Winterizing Your Chicken Coop – How To Keep Chickens Safe Through Winter
Last but not least, when winter arrives, it is important to have your chicken coop be as winter-proof as possible. More than anything else, in cold winter climates, you need to keep wind, drafts and precipitation out of the coop.
Open or screened windows can easily let blowing snow and chilly rains into the coop. When that occurs, it isn’t long before the chicken’s straw and bedding material becomes saturated as well. It can lead to an uncomfortable coop and one where your chickens are unable to dry out their feathers.
As nightly temperatures begin to drop, closing off windows and screens with glass, plexiglass, or even clear plastic is a must. This not only keeps drafts out, but allows light into the coop during the day. Light that can be warming and vital to egg production – and your chicken’s health.
We like to use 1/4″ plexiglass, screwing it right into the window frames to keep the air and precipitation out. It is a better choice than glass which can often break, especially if you happen to have ornery chickens that love to peck at it!
Winterizing A Chicken Coop’s Door – How To Keep Chickens Safe Through Winter
Chickens will still venture outside during the day as long as the weather permits. But doors left open around the clock can drop the temperature of a coop dramatically. Especially at night when the temperatures can really plummet.
We keep our chicken doors closed completely from dusk to dawn, and open during the day. An automatic solar door makes that task easy and efficient. But in the winter, we also install rubber flaps inside over the door to keep out the air and keep the coop warmer when the main door is open during the day.
We make our own flaps by cutting up a rubber floor mat. Installation is as easy as screwing the pieces inside above the door. The chickens learn how to walk through the flaps fairly quickly, and it keeps the coop much warmer through the daylight hours.
Although covering windows and doors is vital to winterizing a chicken coop, it’s also important to make sure the coop still has some air flow for adequate ventilation. Fresh air to a coop is critical to keep poultry respiratory diseases at bay, and to keep chickens healthy.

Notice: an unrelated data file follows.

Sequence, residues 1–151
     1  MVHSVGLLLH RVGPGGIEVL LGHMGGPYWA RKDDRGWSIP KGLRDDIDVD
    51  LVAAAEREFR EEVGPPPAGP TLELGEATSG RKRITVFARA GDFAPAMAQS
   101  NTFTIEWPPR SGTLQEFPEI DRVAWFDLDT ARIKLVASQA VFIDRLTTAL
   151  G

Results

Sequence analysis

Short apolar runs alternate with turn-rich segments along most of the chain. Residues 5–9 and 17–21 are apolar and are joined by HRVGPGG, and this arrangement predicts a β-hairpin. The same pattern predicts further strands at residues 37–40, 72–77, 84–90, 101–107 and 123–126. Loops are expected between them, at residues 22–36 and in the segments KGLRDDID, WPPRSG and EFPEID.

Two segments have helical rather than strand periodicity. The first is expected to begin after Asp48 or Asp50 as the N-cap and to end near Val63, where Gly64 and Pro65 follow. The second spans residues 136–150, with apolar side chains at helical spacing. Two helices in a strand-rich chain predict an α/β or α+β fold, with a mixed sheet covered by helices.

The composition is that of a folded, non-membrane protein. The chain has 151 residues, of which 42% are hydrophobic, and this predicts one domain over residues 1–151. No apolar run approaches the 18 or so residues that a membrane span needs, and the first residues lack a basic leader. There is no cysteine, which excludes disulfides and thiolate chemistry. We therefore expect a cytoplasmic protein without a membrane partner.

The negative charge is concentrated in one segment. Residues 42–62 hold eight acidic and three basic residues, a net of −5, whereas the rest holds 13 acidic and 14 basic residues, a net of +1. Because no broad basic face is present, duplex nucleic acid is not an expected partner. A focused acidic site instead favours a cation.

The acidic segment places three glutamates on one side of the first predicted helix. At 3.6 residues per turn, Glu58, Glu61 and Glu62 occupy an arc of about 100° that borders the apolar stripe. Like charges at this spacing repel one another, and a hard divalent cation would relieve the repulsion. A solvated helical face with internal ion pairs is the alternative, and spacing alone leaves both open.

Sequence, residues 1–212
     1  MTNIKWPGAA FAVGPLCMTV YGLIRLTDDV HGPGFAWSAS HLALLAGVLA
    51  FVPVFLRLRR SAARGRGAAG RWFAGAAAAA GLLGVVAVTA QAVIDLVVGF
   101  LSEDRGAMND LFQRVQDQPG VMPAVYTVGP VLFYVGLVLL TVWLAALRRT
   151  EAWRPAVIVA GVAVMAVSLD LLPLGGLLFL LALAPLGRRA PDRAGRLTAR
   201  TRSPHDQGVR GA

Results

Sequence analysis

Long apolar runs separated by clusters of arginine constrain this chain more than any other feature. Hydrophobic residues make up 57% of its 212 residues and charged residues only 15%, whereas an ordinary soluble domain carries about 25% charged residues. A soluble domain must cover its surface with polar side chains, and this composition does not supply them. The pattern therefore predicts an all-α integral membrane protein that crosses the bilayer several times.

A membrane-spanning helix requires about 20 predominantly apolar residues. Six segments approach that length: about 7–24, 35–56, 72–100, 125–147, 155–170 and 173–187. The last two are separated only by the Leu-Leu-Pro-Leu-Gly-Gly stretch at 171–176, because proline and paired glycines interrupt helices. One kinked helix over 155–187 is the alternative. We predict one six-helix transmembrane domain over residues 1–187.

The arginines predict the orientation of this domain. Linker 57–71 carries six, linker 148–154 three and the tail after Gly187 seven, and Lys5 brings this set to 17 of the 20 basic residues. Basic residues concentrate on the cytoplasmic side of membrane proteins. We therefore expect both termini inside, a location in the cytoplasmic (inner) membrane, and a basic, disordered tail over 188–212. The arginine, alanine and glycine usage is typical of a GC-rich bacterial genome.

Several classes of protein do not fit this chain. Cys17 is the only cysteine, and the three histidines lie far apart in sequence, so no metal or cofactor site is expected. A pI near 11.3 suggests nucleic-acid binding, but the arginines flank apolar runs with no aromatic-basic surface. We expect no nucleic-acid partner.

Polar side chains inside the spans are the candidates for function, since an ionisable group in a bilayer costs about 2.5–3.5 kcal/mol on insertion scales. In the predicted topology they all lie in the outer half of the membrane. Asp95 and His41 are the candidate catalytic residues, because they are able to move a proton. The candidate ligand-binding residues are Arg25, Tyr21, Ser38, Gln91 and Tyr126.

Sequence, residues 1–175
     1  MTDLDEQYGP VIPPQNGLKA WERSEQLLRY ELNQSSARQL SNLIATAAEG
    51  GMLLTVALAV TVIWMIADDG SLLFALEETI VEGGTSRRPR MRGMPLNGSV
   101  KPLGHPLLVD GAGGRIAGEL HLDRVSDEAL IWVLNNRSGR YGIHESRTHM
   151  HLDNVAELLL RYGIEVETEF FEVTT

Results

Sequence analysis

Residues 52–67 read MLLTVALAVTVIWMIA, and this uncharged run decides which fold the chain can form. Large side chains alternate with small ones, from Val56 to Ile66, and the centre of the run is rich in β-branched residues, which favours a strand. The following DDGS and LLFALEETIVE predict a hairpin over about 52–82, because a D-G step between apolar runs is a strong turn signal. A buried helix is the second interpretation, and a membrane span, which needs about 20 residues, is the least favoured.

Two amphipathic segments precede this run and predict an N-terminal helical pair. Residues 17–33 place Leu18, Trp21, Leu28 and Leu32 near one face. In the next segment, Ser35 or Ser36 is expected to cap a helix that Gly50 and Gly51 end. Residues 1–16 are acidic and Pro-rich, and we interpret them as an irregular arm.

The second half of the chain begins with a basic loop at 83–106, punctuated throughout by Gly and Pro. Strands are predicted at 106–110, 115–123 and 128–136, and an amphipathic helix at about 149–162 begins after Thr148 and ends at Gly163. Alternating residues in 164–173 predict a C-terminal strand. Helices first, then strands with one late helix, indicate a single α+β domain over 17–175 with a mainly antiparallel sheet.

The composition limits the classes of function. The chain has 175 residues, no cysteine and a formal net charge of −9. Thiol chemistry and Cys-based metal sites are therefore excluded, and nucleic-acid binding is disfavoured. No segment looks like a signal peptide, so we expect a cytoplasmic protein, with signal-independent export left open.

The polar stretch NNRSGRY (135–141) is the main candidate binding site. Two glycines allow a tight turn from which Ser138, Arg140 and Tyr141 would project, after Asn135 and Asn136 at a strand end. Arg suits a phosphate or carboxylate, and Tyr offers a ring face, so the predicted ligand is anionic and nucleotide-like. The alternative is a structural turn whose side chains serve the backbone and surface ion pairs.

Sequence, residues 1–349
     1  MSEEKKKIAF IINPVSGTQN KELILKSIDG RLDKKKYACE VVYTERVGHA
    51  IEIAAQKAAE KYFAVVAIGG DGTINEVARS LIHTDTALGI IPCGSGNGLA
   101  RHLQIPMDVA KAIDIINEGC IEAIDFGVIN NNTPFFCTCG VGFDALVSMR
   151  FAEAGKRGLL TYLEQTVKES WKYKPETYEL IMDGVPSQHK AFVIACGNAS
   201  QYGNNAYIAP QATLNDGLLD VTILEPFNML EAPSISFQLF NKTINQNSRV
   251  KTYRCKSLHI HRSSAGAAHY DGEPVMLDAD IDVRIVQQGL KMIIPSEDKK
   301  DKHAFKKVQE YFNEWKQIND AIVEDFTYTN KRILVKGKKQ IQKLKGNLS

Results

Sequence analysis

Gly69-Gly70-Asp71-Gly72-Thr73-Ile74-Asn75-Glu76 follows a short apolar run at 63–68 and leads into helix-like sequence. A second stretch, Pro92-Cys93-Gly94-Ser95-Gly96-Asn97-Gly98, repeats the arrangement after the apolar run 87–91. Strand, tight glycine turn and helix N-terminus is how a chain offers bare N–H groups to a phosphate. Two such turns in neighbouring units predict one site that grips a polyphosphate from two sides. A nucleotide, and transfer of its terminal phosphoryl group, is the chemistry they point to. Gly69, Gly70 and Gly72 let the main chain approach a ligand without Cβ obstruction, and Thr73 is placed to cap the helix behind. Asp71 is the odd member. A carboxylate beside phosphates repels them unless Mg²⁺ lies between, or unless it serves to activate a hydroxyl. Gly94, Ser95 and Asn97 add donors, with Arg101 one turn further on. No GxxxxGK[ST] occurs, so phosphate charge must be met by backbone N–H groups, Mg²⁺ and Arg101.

If your coop does not have a vent for fresh air, now is the time to install one! Cutting in a vent near the roof line or on a side wall allows stale air to escape and fresh air enter the coop. Top vents are best as they do not bring drafts directly towards your chickens.
Warming The Coop – How To Keep Chickens Safe Through Winter
Finally, let’s cover the issue of warming the coop. As we covered earlier, chickens are bothered more by drafts than cold. But that doesn’t mean it’s not important to keep some heat in the coop. A bit of heat will help to keep water and eggs from freezing and allow for more comfortable chickens. But that heat can come from natural sources.
We use what is known as the deep litter method to help warm and winterize our chicken coop. Instead of cleaning out all of the straw and manure in the winter, we simply add in a bit more straw each week to keep it fresh.
But as the manure below the straw breaks down, it gives off heat that helps to warm the coop. It is a method that has worked for many a chicken farmer for years!
Depending on how cold your location gets in the overnight, a supplemental heat source in addition to the deep litter method can be beneficial. If you have electricity available near your coop, installing a safe heat source can do the trick.
There are now many models that are safe for chickens and fire prevention. Simply putting in an unprotected heat lamp can cause serious injuries and burns to your chickens, and can be a big fire risk as well.
Here is to winterizing your chicken coop now, and having happy, healthy chickens all winter long! Happy chicken farming – Jim and Mary.